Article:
The impressive dark-red sandstone building of the National Museum of Cambodia houses a rich collection of sculpture, relics and artefacts, dating from prehistoric times to the present. The collection had to be abandoned in 1975 when the city was emptied by the Khmer Rouge; it was subsequently looted and the museum’s director murdered. By 1979, when the population returned, the roof had collapsed and the galleries and courtyard had succumbed to the advances of nature – for a time the museum had to battle constantly to protect its exhibits from the guano produced by the millions of bats which had colonized the roof; these were finally driven out in 2002.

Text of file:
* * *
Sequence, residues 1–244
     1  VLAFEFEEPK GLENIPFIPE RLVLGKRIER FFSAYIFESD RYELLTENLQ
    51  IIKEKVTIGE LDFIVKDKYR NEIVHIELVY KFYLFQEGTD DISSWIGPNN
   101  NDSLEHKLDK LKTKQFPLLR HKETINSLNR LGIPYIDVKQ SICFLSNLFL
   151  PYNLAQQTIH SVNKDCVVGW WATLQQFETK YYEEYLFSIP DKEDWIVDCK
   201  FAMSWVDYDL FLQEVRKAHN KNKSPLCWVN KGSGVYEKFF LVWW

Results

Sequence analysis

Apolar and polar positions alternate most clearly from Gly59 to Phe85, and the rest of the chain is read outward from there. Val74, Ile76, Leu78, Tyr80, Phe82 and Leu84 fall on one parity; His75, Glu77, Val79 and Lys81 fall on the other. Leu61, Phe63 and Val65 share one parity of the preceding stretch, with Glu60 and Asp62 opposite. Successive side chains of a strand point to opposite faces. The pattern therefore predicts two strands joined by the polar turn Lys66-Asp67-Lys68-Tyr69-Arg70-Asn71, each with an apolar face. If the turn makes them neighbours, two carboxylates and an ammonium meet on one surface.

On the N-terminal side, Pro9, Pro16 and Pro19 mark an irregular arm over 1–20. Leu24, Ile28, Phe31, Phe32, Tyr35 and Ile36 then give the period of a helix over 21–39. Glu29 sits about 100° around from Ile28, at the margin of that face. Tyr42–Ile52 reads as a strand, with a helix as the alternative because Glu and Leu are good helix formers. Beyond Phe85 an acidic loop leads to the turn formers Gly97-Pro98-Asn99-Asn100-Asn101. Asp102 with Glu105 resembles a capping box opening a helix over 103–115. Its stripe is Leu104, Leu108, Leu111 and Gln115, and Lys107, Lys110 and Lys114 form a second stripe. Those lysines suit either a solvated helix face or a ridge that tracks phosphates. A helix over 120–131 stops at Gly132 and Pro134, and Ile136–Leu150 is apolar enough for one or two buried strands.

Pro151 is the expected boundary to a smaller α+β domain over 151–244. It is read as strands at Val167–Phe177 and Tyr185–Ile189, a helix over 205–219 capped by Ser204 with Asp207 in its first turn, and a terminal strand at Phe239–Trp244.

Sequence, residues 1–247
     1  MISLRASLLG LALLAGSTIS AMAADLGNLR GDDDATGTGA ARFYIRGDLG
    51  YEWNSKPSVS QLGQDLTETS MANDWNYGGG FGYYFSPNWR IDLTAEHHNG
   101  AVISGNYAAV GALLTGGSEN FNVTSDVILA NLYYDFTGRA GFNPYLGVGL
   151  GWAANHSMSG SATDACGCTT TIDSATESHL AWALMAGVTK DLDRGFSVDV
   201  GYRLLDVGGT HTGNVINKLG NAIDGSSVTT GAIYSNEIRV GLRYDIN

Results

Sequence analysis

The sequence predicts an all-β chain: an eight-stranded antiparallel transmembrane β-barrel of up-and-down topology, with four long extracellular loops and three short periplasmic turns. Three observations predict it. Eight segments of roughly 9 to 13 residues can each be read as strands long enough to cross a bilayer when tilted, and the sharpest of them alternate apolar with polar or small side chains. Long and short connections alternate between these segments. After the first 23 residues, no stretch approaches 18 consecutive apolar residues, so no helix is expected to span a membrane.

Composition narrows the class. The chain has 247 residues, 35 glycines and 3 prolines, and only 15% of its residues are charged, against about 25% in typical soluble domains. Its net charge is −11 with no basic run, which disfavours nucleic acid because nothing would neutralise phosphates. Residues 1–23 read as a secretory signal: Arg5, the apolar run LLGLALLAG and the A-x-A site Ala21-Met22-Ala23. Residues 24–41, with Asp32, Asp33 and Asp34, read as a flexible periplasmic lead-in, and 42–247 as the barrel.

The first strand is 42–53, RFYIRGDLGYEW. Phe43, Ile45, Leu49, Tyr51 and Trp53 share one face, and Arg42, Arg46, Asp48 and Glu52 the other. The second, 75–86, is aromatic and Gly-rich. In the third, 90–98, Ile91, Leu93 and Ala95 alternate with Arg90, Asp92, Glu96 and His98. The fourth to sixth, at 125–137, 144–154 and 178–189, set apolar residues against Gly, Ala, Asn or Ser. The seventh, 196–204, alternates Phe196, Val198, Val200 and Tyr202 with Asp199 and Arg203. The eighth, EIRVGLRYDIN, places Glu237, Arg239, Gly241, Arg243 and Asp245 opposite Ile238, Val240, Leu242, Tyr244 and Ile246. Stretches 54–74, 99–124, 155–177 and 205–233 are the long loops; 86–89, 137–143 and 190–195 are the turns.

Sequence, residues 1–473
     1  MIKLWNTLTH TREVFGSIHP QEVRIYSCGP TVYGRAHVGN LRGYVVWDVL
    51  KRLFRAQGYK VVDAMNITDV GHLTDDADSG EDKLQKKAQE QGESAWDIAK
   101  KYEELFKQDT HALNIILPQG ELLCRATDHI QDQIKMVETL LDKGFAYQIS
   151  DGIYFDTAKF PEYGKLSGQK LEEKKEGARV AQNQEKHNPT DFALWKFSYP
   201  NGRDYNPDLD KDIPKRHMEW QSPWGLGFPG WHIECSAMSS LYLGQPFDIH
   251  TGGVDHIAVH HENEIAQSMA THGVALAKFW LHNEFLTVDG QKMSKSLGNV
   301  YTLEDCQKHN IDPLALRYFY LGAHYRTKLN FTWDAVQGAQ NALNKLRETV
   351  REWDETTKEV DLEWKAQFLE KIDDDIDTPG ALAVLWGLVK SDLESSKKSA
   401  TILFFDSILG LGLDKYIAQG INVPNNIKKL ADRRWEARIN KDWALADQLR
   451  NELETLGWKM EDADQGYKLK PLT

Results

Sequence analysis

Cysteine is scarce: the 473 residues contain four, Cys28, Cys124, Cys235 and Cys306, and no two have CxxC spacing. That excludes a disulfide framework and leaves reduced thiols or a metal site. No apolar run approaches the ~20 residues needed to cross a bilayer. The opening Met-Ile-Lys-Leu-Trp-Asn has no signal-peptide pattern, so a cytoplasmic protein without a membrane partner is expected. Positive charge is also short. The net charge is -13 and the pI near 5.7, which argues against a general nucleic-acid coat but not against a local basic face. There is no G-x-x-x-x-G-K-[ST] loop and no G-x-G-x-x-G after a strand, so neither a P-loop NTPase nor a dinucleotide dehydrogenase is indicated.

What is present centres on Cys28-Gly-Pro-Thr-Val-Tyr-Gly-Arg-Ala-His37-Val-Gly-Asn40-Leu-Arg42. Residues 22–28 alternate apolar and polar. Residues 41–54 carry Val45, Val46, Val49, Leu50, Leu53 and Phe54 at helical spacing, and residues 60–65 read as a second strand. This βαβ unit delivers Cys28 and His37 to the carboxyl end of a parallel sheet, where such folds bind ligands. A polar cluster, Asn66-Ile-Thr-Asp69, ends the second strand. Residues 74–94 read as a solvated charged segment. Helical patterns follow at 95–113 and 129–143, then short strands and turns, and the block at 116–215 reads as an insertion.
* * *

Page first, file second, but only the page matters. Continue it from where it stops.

The museum opened in 1918, and, designed by the French archeologist, George Groslier, comprises four linked galleries that form a rectangle around a leafy courtyard, its roof topped with protective nagas.